Greg Lyndon remembers the primary day he met Harold Johnson, a Métis lawyer and celebrated creator who died Wednesday.
Lyndon, freshly known as to the bar, was attending the identical circuit court docket in northern Saskatchewan as Johnson. Proceedings broke for lunch and the 2 sat down collectively for a chunk to eat.
“I was putting on my best show, with my fancy law degrees and all,” Lyndon recollects.
Johnson assessed the brand new man together with his piercing blue eyes, took in Lyndon’s snappy new lawyer swimsuit.
“He looked at me across the table and his first question was whether or not I was a musher. He didn’t care about these fancy degrees. He wanted to know if I ran dogs.”
It was a typical little bit of cheekiness from a person who typically wore moccasins in court docket. But that was only one facet of a person who, at numerous occasions, was a lawyer, author, trapper, fisher, mechanic, heavy gear operator, miner, logger, firefighter, union organizer and tree planter.
“The storyteller, trapper, father, brother, husband, uncle Harold R. Johnson took his final breath today and will continue the rest of his journey on to the other side,” mentioned a press release from his household. “He was surrounded by his loved ones.”
Born in 1954, Johnson was the son of a Cree mom and Swedish father, a member of the Montreal Lake First Nation. He determined to review regulation, ultimately graduating from Harvard Law School — the place, along with his research, he completed his first novel “Billy Tinker”.
After years in non-public apply in northern courts, he selected to turn into a prosecutor.
“After years of fighting The Man, now he was The Man,” mentioned Lyndon.
But he was there to assist, to not put folks away.
“He always looked for alternatives, as opposed to jail,” mentioned retired decide Gerald Morin, a member of the Peter Ballantyne First Nation. “He tried to look at what was behind the actions of people.”
Eventually, that wasn’t sufficient. He misplaced religion within the justice system and left the regulation.
There had been, nevertheless, the books — 11 of them, from non-fiction calls to motion to genre-bending narrative to out-and-out fantasy.
His polemic “Firewater: How Alcohol is Killing My People (and Yours)” was nominated for the 2016 Governor General’s Award.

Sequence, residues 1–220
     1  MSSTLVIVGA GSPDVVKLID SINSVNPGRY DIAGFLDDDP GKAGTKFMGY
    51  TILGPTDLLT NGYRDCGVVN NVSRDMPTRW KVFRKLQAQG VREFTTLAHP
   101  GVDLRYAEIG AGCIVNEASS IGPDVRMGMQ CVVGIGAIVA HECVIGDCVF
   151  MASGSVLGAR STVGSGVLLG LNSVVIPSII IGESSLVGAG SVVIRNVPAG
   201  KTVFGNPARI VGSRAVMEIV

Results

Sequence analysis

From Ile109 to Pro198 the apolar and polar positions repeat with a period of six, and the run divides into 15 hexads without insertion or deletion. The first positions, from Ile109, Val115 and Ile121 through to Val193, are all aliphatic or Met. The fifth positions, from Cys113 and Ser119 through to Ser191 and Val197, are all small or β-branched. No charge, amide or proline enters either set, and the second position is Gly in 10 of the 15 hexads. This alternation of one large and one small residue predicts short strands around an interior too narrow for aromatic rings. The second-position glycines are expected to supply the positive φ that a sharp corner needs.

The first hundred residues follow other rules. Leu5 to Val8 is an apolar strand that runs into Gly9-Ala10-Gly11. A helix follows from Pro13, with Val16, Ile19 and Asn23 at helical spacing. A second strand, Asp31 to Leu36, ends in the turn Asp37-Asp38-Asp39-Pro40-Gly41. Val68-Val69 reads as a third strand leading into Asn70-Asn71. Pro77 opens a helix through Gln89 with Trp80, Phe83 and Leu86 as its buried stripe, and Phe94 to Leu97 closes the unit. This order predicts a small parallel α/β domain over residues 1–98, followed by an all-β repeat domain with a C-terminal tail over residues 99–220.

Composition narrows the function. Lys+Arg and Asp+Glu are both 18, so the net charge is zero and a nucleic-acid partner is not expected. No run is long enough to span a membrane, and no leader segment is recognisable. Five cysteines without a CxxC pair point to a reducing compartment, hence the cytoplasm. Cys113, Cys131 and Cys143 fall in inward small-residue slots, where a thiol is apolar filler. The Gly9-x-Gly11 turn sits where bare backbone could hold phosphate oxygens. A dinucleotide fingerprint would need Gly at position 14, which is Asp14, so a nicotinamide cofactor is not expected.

“Clifford” (2018) was a daring mixture of truth and fantasy impressed by the lifetime of his older brother. His 2015 novel “Corvus”, a dystopia set in a world ravaged by local weather change and warfare, was chosen for CBC’s Canada Reads lengthy checklist. He blended Cree and Nordic fable — drawing on either side of his personal background — for the fantasy novel “The Bjorkan Sagas”.
“Harold did not simply push the boundaries of literature, he rewrote them,” mentioned a press release from House of Anansi Press, Johnson’s writer.
“He wrote stories of reimagination and alternate futures, of light and exploration. It was a true pleasure to work with him and to be a part of bringing his books to the world.”
While he left the regulation, he didn’t depart his fellow Indigenous legal professionals. Eleanore Sunchild, who represented Coulten Boushie’s household in a troublesome, racially charged homicide trial of the person who shot him, mentioned Johnson’s help was very important to her.
“I wasn’t a very popular person (during the trial),” she mentioned. “Harold reached out to me and provided words of encouragement.”
Even when he was sick with the lung most cancers that ultimately killed him, he tried to coach the following technology of legal professionals. Morin remembers him talking to regulation college students on the University of British Columbia, then getting on a airplane to Toronto for his subsequent spherical of remedies.
“He realized there was so much more to do and that he was not ready to die,” mentioned Morin. “He was willing to give it one last shot.”
Eventually, although, acceptance got here. Johnson known as Morin a couple of days earlier than his loss of life to say goodbye.
“He knew what he was facing. He was at peace.”
Throughout his 68 years, Johnson saved his Cree heritage near his coronary heart. For a lot of his life, he lived in a cabin on a trapline an hour’s drive from the closest city.
“He was so proud to be Indigenous,” mentioned Sunchild, who first met Johnson at a spherical dance.
“He was a hunter, he was a trapper, he practiced ceremony, he knew his language. Despite the level of education that he received, he was able to maintain that connection to the land.”
And everybody who knew him remembers his snicker.
“He had quite a distinctive laugh,” Lyndon mentioned.
“It started with a little grin,” Morin recalled.
It would come after he’d caught you off-guard, and the snicker would let you recognize his remark wasn’t critical, that the joke was on him. The snicker was consistent with the person, mentioned Sunchild.
“He had a really genuine laugh.”
This report by The Canadian Press was first printed Feb. 10, 2022.
— Follow Bob Weber on Twitter at @row1960
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